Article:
Code-Switching in Romanian

As I’ve joked about before, learning the Romanian language is quite a daunting task, especially when it comes to grammar and syntax.

One additional difficulty is that the few textbooks and online resources available only cover “official” Romanian and do not adequately address the issue of code switching, which is a substantive issue.

To understand the term “code switching”, think of the way you speak to your friends, a kind of joking, slang-filled, euphemistic pattern of speech and then contrast that to perhaps how you would speak during a job interview, a lot more formally, grammatically correct and little to no slang.

In the United States, “code switching” predominately refers to African-Americans who grow up learning “ebonics” (now known as AAVE) and then often fail to learn “white English”, a necessary skill for any kind of well-paying career.

In fact, years ago I went to a “temp agency” and was given a grammar test. I expected it to be complicated, addressing such things as incorrect pronoun usage or perhaps tricky past participles or something. Actually (although of course it wasn’t labeled this way) it was simply a “code switching” test, with questions like “We (is/are) going to the store” and the like.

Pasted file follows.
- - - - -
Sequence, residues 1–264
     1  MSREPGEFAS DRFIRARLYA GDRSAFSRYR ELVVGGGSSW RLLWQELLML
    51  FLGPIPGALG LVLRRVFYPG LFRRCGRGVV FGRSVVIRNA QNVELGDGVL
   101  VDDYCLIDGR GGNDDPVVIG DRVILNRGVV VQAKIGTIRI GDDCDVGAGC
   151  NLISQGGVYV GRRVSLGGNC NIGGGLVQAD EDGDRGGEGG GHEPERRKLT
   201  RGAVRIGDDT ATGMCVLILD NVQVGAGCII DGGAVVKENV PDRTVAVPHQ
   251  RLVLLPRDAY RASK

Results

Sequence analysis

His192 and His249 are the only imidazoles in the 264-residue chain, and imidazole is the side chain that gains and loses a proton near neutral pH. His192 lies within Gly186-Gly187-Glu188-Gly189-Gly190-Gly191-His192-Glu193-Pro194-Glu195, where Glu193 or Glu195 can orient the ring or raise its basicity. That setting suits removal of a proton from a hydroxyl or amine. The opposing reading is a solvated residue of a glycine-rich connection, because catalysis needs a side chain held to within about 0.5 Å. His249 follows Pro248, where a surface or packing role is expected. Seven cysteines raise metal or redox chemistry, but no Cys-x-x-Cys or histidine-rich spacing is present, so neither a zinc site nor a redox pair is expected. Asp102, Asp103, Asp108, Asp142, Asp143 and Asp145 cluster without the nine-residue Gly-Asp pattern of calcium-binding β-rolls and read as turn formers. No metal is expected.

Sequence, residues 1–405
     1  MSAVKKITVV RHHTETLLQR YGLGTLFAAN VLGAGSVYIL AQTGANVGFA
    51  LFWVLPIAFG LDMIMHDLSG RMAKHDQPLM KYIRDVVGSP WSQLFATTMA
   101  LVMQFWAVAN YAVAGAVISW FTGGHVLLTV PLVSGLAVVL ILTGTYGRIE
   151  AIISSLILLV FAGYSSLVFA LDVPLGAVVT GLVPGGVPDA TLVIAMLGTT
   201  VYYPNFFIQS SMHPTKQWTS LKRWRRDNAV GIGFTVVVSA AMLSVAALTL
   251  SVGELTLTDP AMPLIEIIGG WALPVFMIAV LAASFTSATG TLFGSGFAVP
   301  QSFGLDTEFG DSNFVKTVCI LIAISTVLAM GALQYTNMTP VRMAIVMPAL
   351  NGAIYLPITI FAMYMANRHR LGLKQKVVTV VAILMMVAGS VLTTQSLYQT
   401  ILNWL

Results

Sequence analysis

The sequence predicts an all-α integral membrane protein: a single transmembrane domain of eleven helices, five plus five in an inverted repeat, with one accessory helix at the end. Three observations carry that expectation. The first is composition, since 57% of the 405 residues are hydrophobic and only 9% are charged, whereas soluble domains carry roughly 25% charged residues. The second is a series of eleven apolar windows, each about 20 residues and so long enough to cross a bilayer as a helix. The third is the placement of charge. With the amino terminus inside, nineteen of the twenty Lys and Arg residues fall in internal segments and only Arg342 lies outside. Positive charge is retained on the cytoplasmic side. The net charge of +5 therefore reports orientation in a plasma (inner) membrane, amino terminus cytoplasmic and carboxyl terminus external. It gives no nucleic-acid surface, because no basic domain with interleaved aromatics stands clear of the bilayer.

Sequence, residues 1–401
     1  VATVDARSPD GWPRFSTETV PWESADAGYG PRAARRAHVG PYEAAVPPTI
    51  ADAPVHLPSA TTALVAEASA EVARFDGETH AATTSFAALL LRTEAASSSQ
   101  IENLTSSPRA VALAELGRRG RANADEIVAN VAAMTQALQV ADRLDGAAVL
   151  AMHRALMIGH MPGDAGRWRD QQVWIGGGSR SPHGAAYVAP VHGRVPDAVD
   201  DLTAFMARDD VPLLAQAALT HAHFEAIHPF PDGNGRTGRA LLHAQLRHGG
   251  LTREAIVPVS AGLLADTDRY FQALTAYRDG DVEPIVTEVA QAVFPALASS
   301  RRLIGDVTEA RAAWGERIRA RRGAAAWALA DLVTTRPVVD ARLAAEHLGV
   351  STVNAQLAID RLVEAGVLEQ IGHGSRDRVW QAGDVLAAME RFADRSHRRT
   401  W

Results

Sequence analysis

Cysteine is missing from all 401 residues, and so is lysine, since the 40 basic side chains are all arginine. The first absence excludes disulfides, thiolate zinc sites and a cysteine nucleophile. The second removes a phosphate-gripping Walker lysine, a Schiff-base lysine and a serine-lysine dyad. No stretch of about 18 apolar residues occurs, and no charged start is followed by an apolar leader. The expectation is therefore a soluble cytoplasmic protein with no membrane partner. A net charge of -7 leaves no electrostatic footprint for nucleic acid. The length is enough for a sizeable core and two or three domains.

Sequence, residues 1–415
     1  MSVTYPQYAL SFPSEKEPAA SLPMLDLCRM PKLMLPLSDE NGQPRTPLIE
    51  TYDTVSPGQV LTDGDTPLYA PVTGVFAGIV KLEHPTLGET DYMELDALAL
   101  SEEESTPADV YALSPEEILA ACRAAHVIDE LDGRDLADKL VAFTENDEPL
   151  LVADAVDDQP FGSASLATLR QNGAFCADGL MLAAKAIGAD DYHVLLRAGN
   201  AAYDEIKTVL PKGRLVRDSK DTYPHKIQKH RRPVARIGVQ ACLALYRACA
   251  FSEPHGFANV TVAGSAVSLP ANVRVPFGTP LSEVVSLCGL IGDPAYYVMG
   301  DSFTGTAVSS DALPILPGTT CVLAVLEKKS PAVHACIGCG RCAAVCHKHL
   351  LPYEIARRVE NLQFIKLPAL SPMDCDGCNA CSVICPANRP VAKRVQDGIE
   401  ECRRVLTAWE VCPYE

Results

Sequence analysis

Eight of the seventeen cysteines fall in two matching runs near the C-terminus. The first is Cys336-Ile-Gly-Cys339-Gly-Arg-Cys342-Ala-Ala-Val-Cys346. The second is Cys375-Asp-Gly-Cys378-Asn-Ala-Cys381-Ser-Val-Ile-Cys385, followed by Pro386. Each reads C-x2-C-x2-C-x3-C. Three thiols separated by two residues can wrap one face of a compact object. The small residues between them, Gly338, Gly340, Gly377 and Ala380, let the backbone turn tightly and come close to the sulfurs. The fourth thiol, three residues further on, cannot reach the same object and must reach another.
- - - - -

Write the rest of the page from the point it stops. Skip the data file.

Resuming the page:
Which brings up the topic of a prestige dialect, which exists in all cultures. Certain ways of speaking, including both pronunciation as well as euphemisms, slang and vocabulary are judged to be “the right way to speak” and others are marginalized, insulted and disrespected.

All you have to do is imagine a professor giving a lecture to understand “prestige dialect”. If this professor speaks English, is he going to say “Today we will study the carbon molecule” or is he going to say “Hey y’all, today we’re fixing to study the carbon molecule”?

The second version is my imitation of a southern accent (in the United States), which is not a prestige dialect and therefore even if the professor grew up speaking in a southern way, he will likely have modified his speech to imitate the prestige dialect by the time he’s actually hired on as a professor to give the lecture.